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All Fools Day

The Holy Fool

Walking on All Fools Day, me and my dog and enchantment at the edge of the pond.

Blue sky and sunshine made for a clear afternoon by the woodland pond. Bella scampered ahead as we walked slowly breathing in spring moment by moment. I found a bench and, sitting gazing out across the water, that was when I heard their song... I couldn’t see them at first.

Bella danced about around me, jumping up and then darting away so I couldn’t catch her and pick her up. “No” she said, “You can’t catch me!”. I wanted peace and quiet. Just sitting, such a pleasure on a fine spring day.

Eventually I got up and wandered to the waters’ edge. Or as near as I could get to it at least, with the boggy ground and reeds. It was then I saw who was singing. The water, which should have been calm on a day with no wind, was covered in ripples. It shimmered and pooled and ringed around the reeds and Alder and willow roots.

There! A glimpse. There! Another glimpse.

The water lifted up and sank and swirled. In between dry stalks and newly shooting green twigs the dark pond reflected their sky shapes. The singing was louder. Sweet chirruping all around.


Little heads appeared. Little bodies heaved up out of the water momentarily and then disappeared again. A foot here and there, making a small splash. My delight was spontaneous. Oh, what joy. What simple pleasure. How enchanting. How magical to witness their dance creating new life and hearing their joyous songs.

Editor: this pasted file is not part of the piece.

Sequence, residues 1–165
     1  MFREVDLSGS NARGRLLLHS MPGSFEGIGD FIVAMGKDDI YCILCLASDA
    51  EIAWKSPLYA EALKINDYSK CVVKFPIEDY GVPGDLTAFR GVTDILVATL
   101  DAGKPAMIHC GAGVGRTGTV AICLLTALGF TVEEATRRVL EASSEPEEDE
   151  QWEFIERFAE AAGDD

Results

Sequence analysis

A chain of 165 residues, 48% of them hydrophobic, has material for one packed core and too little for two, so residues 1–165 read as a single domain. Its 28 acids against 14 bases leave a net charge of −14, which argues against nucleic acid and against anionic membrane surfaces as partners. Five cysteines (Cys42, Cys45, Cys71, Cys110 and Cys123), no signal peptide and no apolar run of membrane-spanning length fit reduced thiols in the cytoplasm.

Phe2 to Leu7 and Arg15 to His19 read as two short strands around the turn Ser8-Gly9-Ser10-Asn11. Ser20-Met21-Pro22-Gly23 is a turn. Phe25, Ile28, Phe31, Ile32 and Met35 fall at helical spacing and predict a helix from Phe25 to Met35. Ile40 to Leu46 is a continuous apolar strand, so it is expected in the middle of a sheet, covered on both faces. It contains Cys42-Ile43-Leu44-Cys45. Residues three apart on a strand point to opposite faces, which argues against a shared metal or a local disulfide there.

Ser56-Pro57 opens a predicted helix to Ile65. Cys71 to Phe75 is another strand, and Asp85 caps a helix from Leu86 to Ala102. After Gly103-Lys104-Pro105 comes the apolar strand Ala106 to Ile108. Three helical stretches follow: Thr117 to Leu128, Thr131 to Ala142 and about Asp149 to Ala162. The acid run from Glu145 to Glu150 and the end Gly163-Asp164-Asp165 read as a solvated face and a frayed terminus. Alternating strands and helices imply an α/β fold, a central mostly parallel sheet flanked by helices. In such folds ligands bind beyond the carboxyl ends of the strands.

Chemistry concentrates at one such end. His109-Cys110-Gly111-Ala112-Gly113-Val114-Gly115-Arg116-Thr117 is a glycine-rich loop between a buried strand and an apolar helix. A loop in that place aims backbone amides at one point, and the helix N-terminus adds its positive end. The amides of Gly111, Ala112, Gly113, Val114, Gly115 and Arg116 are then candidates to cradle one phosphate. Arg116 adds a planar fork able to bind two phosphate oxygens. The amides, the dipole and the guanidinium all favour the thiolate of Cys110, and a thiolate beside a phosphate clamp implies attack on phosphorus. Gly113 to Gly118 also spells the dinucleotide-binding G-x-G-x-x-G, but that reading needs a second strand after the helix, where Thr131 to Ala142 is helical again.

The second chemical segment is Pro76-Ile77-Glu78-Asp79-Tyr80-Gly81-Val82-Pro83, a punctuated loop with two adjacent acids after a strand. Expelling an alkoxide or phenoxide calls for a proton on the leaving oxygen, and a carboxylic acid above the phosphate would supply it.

I tried to photograph them but no sooner did I point my camera than they disappeared. There, a little head surfaced nearby , but I was impatient and moving made the frog disappear in an instant.

Human families called to each other in the distance. Birds called to each other overhead. Frogs called to each other in the pond.

The Alders at the edge of the pond help to keep the water clear, and fresh and clean. They are the mangroves of our Northern climes, their roots very happy to be in the water. They, the willows and reeds providing safe haven for the little frogs. Like the frogs they too can live on land and in water. Alder is the bridge between both. It sits in a liminal place. It bleeds when cut. It was used for shields and it is said to be associated with death but I think too that it is life also for its protective qualities, and for the fact it turns red when cut. Red of course being representative of life and blood. It is also associated with the king Bran the Blessed who used his own body to span the waters so his troops could cross. Yes, Alder is a bridge between land and water.

The willows too shelter frogs, their root systems larger than their canopies reaching out to water. Their branches once broken can very easily root and grow. They are irrepressible life rising up again. Naturally enough they are associated with water goddesses like the Irish Boinn. Like frogs they too can sing as their wood is made into harps.

All Fools Day

The time of the Holy Fool, of innocence and joy found in simple things. I had a sudden realisation of what day it was and it struck me that I was indeed the fool accompanied by my little dog just as depicted in the tarot card of the same name. Walking and wandering enjoying the moment. Feeling at peace as I sat, I had realised the contentment I felt. In the tarot the dog might be said to be the chattering mind wanting attention while the fool wanders in simple pleasure. But I also felt the little dog can be spontaneous joy arising in the moment, a child-like innocence.

To finish here is an image of the Fool by one of my favourite artists Cecil Collins.

Blessings on All Fools Day.

Amanda Claire x

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